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Bill Thayer

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Key to Roman road clickmaps on this site

Large Schematics


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As much as possible, schematics and maps of Roman roads on this site give only the ancient placenames; but if I don't know them, then modern names are shown in brackets. The more important the place in Roman times, of course, the larger it's shown on the map. Round dots indicate towns; small hash-marks in the road indicate isolated remains.

Blue placenames represent places on the road with Roman remains, but for which I have no site (yet).

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Red placenames link to pages about that place in relation to the road, which may or may not be the main page for that place.

In the map above, for example, Forum Flaminii links to the main page for the town of S. Giovanni Profiamma, but Roma links to a special page on the Via Flaminia from the Forum to the Milvian Bridge.

As elsewhere on this site, offsite links are few and shown in italics; in addition, on these clickmaps, they are shown in orange to distinguish them even more clearly from onsite links.

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Sections of the actual road drawn in red link to detailed pages about that small section: usually because I walked it and photographed a number of smaller sites.

In the map above, for example, the red stretch from Mevania to Forum Flaminii links to a special page with a more detailed map (used below as the example for the next level down).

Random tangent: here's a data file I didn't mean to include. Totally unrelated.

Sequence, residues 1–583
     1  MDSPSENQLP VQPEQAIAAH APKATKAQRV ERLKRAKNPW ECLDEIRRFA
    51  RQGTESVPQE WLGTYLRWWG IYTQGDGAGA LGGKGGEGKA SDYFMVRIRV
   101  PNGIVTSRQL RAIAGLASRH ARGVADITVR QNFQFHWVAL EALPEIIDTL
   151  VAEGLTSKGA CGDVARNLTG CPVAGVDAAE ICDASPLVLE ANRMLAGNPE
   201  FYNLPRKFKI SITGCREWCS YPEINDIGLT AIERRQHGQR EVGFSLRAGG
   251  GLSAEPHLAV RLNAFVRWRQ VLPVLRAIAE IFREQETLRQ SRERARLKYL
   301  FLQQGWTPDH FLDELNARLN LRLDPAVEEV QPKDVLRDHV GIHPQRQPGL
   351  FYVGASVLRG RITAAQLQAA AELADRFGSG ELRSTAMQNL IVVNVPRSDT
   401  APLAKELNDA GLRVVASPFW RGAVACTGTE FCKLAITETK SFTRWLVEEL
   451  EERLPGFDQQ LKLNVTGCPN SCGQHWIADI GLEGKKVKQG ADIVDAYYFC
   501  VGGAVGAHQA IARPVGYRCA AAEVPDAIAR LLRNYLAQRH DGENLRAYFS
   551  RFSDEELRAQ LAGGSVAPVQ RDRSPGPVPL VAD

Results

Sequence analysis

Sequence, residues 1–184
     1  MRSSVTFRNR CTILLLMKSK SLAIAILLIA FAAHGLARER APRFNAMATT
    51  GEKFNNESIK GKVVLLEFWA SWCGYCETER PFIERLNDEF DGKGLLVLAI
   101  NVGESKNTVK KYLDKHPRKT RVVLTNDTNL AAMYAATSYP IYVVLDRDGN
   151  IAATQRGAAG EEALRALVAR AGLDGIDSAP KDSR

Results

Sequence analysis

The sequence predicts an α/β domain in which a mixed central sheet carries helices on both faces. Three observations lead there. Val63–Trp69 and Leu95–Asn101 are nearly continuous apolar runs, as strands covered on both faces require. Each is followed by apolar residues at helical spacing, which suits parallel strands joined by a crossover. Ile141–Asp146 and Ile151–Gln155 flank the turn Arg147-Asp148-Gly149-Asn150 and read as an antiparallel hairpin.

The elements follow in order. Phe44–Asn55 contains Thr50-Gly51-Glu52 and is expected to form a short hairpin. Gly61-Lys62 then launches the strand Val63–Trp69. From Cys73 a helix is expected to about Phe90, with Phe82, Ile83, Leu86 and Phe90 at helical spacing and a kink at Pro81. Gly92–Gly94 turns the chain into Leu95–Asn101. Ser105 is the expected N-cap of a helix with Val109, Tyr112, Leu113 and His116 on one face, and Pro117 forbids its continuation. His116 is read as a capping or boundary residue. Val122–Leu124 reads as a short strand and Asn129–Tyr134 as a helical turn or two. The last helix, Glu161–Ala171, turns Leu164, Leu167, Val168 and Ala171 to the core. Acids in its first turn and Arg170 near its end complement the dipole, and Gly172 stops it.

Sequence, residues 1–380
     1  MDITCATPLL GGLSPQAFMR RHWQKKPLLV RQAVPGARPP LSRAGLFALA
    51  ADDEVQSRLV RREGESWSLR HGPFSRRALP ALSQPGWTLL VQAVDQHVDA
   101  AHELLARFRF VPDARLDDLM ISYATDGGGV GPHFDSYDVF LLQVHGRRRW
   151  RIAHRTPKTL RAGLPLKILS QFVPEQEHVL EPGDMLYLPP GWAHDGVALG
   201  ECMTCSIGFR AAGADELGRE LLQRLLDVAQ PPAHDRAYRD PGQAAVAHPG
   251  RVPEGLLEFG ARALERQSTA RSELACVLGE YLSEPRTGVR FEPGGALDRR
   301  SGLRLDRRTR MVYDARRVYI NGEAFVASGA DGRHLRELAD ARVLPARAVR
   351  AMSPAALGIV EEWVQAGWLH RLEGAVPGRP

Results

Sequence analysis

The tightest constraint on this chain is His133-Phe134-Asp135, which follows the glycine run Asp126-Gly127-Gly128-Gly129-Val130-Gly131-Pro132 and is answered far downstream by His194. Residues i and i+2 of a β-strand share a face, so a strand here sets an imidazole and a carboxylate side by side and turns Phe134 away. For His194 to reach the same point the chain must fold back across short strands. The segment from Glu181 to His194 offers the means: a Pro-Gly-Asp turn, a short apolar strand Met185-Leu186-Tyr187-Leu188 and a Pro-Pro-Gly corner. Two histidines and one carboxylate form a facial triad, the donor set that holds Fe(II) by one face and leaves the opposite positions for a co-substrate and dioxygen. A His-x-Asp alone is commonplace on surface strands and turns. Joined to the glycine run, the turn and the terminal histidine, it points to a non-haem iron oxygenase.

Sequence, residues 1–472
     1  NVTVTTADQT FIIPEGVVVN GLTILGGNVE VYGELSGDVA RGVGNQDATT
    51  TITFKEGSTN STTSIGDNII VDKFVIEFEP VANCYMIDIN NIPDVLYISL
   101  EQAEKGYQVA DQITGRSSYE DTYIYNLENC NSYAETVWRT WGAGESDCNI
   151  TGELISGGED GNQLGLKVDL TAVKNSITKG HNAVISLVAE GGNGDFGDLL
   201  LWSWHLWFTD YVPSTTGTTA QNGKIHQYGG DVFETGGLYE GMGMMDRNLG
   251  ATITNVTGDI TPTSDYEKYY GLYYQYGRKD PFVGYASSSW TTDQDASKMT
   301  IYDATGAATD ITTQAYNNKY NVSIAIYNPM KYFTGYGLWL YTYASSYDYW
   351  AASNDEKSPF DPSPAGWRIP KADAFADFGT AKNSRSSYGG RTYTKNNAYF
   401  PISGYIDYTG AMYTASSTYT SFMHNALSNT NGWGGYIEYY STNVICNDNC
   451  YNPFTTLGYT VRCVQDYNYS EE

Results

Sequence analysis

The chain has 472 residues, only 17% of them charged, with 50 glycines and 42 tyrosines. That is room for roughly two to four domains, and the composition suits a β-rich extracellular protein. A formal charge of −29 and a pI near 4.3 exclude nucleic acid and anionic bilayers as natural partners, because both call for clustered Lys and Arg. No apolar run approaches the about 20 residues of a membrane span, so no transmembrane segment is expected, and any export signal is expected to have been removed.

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When shown in red, connecting roads link to the main page for that road, or to an appropriate subpage.

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Green items may be linked to a general bibliography; and as elsewhere on this site, indicates a specific bibliography.

In the map above, for example, the linked page on Mevania will include a Roman bibliography of that town.

Detailed Schematics (the example used is a section of the Via Flaminia above)


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In addition to the types of information also conveyed on the larger maps, each "stop" along the road is tagged with a red number keyed to the main page for that section; plus a summary description given in black. Parentheses indicate the modern use or incorporation of the Roman remains: in the example here, the bridge was (or may have been) Roman, but the farmhouse is post-Roman, incorporating Roman stone from an unknown source.


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	An inactive area of this clickmap. If you click here, you will stay exactly where you are. 
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	An inactive area of this clickmap. If you click here, you will stay exactly where you are. 
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	An inactive area of this clickmap. If you click here, you will stay exactly where you are. 
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	An inactive area of this clickmap. If you click here, you will stay exactly where you are. 
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	An inactive area of this clickmap. If you click here, you will stay exactly where you are. 
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	An inactive area of this clickmap. If you click here, you will stay exactly where you are. 
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	An inactive area of this clickmap. If you click here, you will stay exactly where you are.


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Page updated: 16 Apr 98